15. Maintain Your Retirement Plan
No matter what else you are doing on this list, maintaining your retirement plan is something that all of us must do.
It is important to assess your financial situation every three to six months. You need to know if you are going to have enough money to do what you want to do in retirement — for as long as you live (no matter how long that turns out to be).
A good retirement calculator can help you with these assessments.
16. Stay Vital
Having a place to go. Having people (or animals) that rely on you. Maintaining a schedule. Being social. Having a purpose. Learning new things. These are all activities that are scientifically proven to keep you healthy and happy.
Make new friends and keep the old!
17. Learn to Play an Instrument — Learn Anything!
Even if you don’t think that you have a musical bone in your body, you might find an instrument that you really love to play. Piano is a common starting point, and so is guitar. Don’t forget that your voice is also an instrument. You could take banjo lessons and voice lessons, too.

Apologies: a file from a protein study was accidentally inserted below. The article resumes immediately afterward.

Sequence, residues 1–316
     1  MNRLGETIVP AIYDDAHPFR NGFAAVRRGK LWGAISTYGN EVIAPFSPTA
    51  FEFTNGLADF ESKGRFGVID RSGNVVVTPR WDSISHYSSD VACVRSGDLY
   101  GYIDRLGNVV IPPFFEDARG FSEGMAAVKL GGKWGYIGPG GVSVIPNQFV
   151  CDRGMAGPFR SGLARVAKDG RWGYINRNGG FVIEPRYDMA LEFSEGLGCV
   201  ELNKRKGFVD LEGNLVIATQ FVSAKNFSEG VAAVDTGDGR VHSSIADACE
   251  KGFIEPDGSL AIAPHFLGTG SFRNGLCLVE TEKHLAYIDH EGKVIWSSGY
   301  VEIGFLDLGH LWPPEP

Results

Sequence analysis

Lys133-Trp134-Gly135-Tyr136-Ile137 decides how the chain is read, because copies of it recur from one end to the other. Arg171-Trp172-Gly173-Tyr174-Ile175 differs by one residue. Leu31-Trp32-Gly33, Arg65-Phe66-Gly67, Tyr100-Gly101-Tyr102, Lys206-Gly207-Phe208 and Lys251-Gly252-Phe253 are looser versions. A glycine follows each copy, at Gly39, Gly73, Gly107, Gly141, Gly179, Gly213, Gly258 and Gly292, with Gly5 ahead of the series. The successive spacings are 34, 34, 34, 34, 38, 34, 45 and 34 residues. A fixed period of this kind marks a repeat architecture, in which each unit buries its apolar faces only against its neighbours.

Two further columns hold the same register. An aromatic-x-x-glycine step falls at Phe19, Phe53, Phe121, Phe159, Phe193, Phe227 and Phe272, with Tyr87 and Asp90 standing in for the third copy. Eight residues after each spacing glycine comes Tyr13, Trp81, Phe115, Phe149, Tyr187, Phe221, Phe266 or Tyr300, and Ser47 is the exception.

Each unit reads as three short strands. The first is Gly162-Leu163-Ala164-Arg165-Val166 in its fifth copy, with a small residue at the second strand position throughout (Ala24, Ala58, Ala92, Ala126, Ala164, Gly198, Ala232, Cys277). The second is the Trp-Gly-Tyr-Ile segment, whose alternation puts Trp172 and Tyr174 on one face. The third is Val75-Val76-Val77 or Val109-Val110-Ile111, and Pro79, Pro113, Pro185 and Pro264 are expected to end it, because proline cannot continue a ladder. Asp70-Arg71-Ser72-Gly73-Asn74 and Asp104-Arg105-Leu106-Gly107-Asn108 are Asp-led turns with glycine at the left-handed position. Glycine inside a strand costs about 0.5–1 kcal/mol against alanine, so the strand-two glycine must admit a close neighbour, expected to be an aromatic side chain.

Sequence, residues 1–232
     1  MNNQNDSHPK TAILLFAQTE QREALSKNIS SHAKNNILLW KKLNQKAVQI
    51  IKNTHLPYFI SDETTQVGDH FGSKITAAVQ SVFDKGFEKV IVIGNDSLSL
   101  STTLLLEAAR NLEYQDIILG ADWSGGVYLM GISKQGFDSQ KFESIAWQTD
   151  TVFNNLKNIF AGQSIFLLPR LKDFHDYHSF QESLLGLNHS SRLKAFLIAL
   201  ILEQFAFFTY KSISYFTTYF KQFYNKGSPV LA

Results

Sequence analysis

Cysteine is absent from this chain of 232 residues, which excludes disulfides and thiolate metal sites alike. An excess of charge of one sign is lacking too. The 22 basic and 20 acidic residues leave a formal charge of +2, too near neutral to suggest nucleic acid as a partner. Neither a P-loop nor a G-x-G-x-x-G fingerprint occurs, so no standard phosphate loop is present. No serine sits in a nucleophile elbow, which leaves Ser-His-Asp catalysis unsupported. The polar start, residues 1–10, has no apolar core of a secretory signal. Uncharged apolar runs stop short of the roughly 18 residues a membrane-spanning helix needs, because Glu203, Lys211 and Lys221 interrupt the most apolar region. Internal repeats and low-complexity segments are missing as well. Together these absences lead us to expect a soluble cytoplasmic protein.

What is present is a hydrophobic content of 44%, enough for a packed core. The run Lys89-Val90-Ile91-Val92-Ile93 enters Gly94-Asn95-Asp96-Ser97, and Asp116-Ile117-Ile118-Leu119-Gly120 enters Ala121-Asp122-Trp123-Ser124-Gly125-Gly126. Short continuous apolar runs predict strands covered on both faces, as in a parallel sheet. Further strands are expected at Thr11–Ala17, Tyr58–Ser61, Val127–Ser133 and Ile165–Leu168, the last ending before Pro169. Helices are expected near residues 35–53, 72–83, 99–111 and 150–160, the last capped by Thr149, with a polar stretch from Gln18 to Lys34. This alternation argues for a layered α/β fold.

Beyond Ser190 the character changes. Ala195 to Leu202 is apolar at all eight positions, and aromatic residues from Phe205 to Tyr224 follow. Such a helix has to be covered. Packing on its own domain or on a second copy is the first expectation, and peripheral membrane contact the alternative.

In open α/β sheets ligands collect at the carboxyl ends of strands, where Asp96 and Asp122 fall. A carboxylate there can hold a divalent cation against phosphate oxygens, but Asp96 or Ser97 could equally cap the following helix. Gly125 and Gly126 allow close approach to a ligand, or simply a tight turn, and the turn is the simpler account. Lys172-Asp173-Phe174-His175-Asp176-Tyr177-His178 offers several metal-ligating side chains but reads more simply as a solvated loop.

Not only does learning to play an instrument help enrich your life, it’s also a pursuit without end. Even the greatest musicians in the world still practice frequently and learn new things.
And learning new things is a great way to keep your brain healthy and functioning.
18. Get in the Best Shape of Your Life
As the saying goes, if you’ve got your health you’re already rich. Fitness is another lifelong pursuit, and this one can make retirement life better in almost every way. You’ll have more energy, a healthier body and a happier mindset, too.
Fitness offers so much variety that you never need to grow bored with it. There are classes for yoga, Pilates, spinning and more. The U.S. Centers for Disease Control also says that weight training relieves arthritis, improves balance, increases bone density, manages weight and diabetes, strengthens the heart and makes sleep better and more restful.